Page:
Kim Ng told the world earlier this week that the Marlins were in active talks for relief help. On Sunday, her front office pulled the trigger on a trade that adds much-needed new blood to their bullpen. As first reported by MLB.com’s Mark Feinsand, the Marlins have acquired relievers Cole Sulser and Tanner Scott from the Orioles in exchange for prospects Antonio Velez and Kevin Guerrero, a 2022 Competitive Balance Round B draft pick and a player to be named later.
Just like in 2019 (Easton Lucas for Jonathan Villar) and 2020 (Isaac De León for Richard Bleier), the Marlins are flipping developing talent to Baltimore for major league upgrades.
Sulser and Scott both have minor league options remaining, but they’ll surely crack the Marlins’ Opening Day roster. The club expects to begin with a 10-man bullpen.
Cole Sulser (age 32, club control through 2025)
Sulser was one of the lone bright spots in the 2021 Orioles ‘pen. His command dramatically improved in what was his second full major league season. He gradually earned a high-leverage role and tied for the team lead with eight saves.
The right-hander’s pitch arsenal last year:
- Four-seam fastball with 51.1% usage and 93.2 mph average velocity
- Changeup with 33.2% usage and 84.0 mph average velocity
- Slider with 13.5% usage and 86.3 mph average velocity
- Curveball with 2.2% usage and 77.3 mph average velocity
Sulser has the distinction of being MLB’s active leader in career innings pitched without issuing any hit by pitches (93.1 IP).
Scott (age 27, club control through 2024)
On the flip side, Scott’s command took a turn in the wrong direction. He threw 10 wild pitches in 2021 while facing only 251 total batters, the worst such ratio among qualified MLB relievers. He held up pretty well from a run prevention standpoint through the first quarter of the season before the wheels fell off.
Scott’s season was cut short by two trips to the injured list for a left knee sprain.
The left-hander’s pitch arsenal last year:
- Slider with 51.6% usage and 88.5 mph average velocity
- Four-seam fastball with 45.4% usage and 96.8 mph average velocity
- Sinker with 3.0% usage and 96.1 mph average velocity
Back in 2020, Scott was great for the O’s, most notably limiting his opponents to one home run despite the notoriously hitter-friendly conditions of Camden Yards. In each of his other seasons, however, right-handed batters have tormented him. All six of the dingers that Scott allowed last year were to righties.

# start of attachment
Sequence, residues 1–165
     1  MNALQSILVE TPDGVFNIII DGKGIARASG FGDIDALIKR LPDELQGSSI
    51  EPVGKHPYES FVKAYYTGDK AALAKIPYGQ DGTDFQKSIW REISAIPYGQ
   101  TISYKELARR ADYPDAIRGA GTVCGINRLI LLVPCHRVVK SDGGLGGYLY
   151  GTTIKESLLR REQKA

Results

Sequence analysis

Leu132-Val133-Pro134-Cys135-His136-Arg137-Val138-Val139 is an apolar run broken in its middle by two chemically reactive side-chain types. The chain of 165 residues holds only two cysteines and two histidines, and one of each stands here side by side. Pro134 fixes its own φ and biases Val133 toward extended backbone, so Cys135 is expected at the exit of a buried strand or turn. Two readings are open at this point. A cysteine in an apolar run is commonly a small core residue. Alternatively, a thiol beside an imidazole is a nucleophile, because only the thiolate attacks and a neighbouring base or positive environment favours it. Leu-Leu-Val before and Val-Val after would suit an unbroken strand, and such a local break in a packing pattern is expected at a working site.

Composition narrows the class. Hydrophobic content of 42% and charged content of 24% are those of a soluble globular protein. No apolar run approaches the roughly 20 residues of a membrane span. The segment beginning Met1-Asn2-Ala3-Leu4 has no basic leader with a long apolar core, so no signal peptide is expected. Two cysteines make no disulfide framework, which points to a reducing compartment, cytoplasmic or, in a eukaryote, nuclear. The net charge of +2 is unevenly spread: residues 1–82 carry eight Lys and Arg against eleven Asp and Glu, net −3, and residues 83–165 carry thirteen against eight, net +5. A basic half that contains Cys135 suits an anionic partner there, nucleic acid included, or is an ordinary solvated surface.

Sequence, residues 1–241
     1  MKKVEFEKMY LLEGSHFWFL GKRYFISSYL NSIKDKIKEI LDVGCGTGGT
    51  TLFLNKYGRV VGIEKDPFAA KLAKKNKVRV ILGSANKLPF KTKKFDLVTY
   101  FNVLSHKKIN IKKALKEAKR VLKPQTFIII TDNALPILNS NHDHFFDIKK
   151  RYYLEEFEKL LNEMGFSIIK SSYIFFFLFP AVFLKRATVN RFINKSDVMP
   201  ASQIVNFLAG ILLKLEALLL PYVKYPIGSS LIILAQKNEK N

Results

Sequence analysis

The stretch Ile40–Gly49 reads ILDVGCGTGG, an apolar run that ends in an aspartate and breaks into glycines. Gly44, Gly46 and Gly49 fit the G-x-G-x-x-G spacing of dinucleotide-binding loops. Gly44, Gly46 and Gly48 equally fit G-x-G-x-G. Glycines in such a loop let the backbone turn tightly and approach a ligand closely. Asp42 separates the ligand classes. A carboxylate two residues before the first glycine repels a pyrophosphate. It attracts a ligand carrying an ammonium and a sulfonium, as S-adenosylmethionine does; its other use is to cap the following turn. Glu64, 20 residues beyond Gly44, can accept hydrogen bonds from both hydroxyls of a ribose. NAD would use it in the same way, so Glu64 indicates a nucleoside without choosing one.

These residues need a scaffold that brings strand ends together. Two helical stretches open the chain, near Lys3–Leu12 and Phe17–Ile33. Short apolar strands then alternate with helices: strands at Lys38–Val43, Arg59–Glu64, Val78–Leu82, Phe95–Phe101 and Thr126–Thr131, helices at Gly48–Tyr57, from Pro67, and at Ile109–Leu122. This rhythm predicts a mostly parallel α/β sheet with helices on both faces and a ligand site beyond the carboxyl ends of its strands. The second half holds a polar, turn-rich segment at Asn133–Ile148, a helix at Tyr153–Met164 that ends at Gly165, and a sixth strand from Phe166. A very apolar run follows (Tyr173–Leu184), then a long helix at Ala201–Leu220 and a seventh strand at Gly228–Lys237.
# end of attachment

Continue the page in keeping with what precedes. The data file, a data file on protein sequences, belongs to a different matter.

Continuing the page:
Velez, a 25-year-old left-handed pitcher, joined the Marlins in 2020 as a nondrafted free agent. He had been projected to start off 2022 with Double-A Pensacola.
Guerrero, an outfielder who turns 18 later this month, was inked out of the Dominican Republic via international amateur free agency. The Marlins brought him stateside this spring following a promising 2021 debut in the DSL.
The MLB Draft pick changing hands in this trade is projected to be in the late 60s overall (immediately following the second round).
There is no clear-cut “centerpiece” of this prospect package. Baseball Trade Values thinks it’s the draft pick. Personally, I assign the highest value to Velez, but context is important. The Marlins are extremely deep with pitching talent in the majors and high minors, so they can stomach his departure better than most organizations.
Incumbent Marlins closer Dylan Floro is going to open the regular season on the IL. I would expect Anthony Bender to get the first crack at the ninth-inning duties, with Sulser possibly next in line for the job if he struggles.
As of Sunday night, FanGraphs gives the Marlins 23.5% odds of making it to the postseason.
The Marlins 40-man roster remains full, which is relevant as spring training draws to a close. They need to make additional space for several spring training NRIs (particularly Roman Quinn and Shawn Armstrong, but potentially Willians Astudillo and/or Grant Dayton as well).